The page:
Hargeysa, Somaliland, October 15, 2011 (SL Times) – This is a
continuation of Safiya Hashi Madar's account of her struggle against
Siyad Barre's military regime which appeared in the last three issues of
the Somaliland Times (the narrative originally appeared in two segments
in the Somali language newspaper Haatuf).
Describing the situation in jail, she said:
I had a difficult time in prison. The worst part was that I did not know
whether my family, brothers, and children were alive or not. Military
planes would take off from Aviszone and fly over us when I was in
Biyo-Muunda jail, and we would be told those are the planes that have
bombed Hargeysa and Buro. It was a very demoralizing time for me. Then
one day, a niece of mine, came to me and told me that the people had
fled [from the north] to a place called Dul ‘ad, and that my brother
Abdillahi Hashi Madar was killed in the war (he was one of the
guerrillas who died in the hills and his body was never found).
On her encounter with Siyad Barre, she said:
When I was released, I was taken to Siyad Barre, and he said, are you
telling me this young woman carries weapons to Addis Ababa? Then he
added you were misled, you live in a free country, now go and make a
life for yourself, especially since you are an educated woman. That day
I realized how deep was his animosity toward us. The city of Mogadishu
had changed by the time I got out of prison and I could hardly recognize
it. I was only able to direct the cab driver to my brother’s home with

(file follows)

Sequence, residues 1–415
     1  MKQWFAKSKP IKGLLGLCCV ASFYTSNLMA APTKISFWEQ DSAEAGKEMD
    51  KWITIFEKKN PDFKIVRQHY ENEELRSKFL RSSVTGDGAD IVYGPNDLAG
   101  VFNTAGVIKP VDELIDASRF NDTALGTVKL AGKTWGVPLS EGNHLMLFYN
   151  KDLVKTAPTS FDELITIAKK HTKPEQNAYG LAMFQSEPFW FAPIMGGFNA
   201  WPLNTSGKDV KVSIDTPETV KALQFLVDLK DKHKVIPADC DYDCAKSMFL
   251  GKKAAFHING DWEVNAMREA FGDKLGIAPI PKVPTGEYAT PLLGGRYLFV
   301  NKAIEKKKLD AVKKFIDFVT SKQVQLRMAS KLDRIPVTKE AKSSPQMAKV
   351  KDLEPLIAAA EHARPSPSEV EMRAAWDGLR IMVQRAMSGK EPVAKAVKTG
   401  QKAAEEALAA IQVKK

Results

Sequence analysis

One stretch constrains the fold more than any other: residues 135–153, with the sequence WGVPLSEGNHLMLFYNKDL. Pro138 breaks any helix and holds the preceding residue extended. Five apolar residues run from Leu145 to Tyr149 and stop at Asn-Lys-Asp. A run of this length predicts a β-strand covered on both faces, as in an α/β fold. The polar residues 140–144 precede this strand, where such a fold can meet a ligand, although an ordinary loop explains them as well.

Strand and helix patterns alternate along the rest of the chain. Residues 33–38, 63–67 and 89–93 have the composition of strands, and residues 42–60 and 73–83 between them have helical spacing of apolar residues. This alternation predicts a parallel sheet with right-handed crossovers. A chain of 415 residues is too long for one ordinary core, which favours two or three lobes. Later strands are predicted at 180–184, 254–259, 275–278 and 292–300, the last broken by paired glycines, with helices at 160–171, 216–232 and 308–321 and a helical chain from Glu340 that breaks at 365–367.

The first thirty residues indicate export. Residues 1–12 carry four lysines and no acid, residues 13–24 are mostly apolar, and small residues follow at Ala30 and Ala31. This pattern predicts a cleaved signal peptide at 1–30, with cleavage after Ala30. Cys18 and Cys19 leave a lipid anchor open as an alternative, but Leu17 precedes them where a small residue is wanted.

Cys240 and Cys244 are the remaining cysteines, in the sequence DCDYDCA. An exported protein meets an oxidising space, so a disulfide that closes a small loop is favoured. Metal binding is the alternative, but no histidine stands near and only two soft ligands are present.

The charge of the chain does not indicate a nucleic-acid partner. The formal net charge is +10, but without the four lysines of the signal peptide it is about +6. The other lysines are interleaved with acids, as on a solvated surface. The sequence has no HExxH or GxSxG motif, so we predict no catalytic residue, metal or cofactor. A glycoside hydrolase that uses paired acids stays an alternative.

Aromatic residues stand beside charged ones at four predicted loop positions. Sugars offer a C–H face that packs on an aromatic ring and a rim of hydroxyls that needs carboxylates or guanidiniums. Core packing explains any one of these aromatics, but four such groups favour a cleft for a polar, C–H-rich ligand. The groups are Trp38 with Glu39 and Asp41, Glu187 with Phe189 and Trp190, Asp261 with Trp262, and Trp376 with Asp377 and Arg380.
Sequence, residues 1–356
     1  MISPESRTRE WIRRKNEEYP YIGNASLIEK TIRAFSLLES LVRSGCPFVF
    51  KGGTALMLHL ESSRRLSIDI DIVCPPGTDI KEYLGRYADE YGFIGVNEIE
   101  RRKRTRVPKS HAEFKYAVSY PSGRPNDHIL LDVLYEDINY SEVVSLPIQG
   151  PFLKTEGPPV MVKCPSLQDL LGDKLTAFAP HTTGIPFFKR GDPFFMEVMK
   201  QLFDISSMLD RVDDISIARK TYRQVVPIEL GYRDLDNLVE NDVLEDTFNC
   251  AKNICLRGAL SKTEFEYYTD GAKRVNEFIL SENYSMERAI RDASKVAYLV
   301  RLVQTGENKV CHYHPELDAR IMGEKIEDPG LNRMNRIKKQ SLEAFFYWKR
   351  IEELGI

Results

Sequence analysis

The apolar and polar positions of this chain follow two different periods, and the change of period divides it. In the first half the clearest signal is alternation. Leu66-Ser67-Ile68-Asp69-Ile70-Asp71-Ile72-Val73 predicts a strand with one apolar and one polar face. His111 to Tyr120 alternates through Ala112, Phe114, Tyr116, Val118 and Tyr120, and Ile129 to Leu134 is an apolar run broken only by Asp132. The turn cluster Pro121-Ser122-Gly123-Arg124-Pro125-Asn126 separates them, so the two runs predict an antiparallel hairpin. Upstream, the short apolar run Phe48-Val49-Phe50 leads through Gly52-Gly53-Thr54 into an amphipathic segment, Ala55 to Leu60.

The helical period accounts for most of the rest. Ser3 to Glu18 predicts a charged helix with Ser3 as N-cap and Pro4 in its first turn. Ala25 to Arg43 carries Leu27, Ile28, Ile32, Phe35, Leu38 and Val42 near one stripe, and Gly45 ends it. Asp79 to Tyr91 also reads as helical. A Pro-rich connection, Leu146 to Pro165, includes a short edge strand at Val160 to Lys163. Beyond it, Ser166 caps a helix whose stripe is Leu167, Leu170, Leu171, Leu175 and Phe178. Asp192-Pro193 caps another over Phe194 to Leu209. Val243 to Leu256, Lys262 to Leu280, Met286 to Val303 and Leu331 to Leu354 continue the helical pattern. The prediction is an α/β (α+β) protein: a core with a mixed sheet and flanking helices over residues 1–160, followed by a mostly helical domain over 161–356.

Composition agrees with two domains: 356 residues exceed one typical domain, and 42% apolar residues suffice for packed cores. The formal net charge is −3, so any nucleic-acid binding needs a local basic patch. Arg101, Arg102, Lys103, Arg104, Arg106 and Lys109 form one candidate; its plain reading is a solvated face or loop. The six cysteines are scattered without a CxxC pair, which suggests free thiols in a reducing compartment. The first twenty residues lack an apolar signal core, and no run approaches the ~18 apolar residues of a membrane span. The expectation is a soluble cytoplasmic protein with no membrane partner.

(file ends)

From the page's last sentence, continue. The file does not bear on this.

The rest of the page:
Speaking about the plight of former SNM guerrillas, she said:
Whenever I see an ex-guerrilla who is disabled or suffering from mental
illness, it distresses me. I think we will accomplish our aim, We will
also write the history of the SNM so that it will be a reference for
anyone who wants to find out information about the SNM. I told Amnesty
International those who died have died, and I have made a documentary
film about Ilyas Qase and Hasan Osman in which the wounds from their
torture could be seen. They were sent a visa and now they are in the UK.
We should work together and show solidarity with each other. Important
things take time to accomplish. They are not done in a month or a year.
Commenting on the present situation in Somaliland and Somalia, she said:
For the last twenty years, every Somaliland government was doing what it
could to improve conditions in the country. I commend President Ahmed
Sillanyo for his recent surprise visits to small businesses and stores
to meet ordinary people. I also urge him to pay special attention to SNM
veterans and their orphans.
To the people of Somalia, I say let Somalia and Somaliland go their
separate ways. It doesn’t make sense to force someone like my son, who
was born in prison, and who is now capable of carrying arms, to be part
of something that he does not want.